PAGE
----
Emily Kame Kngwarreye, an elder of the Alhalkere tribe in Australia, did not begin to make art until she was in her late seventies. She first created cotton and silk batiks but got tired of all the labor they involved. She then moved from batik to painting on canvas. In 1988, she showed her acrylic paintings for the first time.
Her artwork defies traditional Aboriginal paintings in that she created her own artistic style using dots of varying sizes and colors, massed together or even lying on top of one another in distinct patterns. These paintings were smaller versions of the large ground paintings usually associated with women’s ceremonies.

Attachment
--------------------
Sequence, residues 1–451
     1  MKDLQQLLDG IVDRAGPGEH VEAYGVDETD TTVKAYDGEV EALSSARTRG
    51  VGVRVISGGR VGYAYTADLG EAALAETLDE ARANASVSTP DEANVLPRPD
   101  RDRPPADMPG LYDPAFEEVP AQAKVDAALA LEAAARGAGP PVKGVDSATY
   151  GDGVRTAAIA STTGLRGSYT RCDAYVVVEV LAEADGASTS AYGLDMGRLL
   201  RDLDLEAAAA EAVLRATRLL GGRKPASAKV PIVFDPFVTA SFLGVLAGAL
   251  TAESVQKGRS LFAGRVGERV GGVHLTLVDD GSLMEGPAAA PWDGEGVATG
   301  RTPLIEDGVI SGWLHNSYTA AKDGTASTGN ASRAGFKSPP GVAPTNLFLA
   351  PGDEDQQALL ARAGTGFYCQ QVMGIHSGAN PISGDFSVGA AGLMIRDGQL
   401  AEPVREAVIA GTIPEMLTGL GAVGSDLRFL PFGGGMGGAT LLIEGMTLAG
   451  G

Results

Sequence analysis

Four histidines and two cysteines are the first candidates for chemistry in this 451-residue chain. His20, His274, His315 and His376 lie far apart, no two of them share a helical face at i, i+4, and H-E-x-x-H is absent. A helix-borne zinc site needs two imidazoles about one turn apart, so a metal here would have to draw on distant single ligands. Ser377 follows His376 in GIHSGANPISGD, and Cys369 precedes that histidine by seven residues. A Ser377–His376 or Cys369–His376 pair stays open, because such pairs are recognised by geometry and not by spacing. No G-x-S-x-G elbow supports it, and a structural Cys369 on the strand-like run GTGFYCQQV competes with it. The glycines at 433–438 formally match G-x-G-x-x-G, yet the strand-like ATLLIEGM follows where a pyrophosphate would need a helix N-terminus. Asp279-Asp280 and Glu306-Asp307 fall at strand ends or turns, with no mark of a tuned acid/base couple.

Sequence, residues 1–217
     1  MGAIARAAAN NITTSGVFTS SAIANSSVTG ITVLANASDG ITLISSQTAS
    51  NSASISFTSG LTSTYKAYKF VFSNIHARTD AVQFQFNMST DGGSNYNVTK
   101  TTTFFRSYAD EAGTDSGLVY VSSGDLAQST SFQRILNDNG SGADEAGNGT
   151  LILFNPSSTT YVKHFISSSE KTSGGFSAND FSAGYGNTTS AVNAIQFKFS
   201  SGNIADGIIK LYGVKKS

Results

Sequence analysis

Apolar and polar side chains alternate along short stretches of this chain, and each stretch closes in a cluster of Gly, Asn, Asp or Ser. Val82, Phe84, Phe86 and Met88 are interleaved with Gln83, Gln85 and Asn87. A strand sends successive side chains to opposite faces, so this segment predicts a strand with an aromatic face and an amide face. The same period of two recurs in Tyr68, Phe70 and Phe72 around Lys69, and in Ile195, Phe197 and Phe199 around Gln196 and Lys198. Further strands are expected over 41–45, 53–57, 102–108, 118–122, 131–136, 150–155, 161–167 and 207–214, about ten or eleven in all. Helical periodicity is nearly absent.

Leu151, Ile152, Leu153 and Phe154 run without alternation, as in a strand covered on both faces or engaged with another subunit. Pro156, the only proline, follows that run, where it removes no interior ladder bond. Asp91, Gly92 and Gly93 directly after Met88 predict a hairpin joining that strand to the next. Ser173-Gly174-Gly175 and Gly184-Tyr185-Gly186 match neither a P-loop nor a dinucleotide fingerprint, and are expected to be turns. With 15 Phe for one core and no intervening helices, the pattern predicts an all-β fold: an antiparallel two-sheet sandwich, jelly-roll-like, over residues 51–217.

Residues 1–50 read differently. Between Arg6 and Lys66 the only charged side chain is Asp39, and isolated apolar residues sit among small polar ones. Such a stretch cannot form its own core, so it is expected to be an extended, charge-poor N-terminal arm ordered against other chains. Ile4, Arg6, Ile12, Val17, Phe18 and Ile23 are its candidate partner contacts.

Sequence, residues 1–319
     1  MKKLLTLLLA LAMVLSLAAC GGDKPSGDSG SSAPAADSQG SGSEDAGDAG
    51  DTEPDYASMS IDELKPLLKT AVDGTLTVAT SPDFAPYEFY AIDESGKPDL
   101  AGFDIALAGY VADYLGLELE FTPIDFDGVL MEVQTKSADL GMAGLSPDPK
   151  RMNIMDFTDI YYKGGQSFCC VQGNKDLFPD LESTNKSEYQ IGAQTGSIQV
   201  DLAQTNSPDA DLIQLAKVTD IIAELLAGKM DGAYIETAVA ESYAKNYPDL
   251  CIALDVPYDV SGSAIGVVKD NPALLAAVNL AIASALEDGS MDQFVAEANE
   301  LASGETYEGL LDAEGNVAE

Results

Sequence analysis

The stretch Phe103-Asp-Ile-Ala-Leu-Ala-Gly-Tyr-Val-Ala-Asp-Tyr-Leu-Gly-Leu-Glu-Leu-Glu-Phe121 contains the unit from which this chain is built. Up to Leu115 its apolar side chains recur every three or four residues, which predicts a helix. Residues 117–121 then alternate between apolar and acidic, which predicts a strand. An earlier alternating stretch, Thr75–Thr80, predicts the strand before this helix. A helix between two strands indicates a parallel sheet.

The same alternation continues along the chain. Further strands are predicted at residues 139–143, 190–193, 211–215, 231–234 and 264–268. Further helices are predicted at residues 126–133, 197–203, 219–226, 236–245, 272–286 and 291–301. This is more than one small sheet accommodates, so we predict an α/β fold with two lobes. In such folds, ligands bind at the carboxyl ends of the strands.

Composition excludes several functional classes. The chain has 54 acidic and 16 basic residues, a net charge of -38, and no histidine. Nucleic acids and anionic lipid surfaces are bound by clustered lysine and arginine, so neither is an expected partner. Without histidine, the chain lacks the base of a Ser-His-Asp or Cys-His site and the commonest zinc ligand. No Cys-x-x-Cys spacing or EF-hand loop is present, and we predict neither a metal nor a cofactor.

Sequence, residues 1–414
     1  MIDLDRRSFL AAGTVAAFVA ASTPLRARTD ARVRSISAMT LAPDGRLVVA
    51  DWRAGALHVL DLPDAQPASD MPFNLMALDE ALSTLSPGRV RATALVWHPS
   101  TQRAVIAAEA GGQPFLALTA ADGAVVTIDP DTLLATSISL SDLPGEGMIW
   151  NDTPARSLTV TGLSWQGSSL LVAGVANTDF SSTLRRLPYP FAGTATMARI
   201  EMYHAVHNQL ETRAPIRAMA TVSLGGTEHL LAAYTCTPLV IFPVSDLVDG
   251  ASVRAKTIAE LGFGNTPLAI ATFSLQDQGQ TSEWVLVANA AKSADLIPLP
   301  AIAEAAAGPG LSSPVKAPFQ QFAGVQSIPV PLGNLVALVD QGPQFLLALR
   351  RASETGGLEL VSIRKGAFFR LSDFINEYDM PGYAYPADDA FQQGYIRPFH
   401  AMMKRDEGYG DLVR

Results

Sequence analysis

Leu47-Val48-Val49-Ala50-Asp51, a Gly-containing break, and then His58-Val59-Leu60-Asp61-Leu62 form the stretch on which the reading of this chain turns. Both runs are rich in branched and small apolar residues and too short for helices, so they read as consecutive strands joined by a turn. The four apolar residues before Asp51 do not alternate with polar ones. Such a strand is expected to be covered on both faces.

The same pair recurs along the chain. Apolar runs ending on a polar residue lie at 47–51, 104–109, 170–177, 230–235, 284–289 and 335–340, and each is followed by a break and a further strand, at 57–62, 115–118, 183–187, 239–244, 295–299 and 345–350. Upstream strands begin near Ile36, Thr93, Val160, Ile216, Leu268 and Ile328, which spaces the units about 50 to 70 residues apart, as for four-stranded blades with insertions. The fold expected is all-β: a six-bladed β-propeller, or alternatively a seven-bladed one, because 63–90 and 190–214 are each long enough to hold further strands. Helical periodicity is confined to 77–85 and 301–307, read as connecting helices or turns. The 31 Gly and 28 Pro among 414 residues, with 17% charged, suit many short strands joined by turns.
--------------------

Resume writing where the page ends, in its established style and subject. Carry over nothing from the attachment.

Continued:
She went through many different styles as she began in 1991 to join dots into lines and then in 1993 to add color into her paintings. In 1995, she ended her color phase and painted with plain stripes that crossed the canvas. These stripes referenced yam tracks, chosen because yams are an important source of food for Aboriginal people. Her paintings began to resemble American abstract expressionist paintings as more and more thinner lines criss-crossed the canvas.
She was included in the National Pavilion in the 1997 Venice Biennial.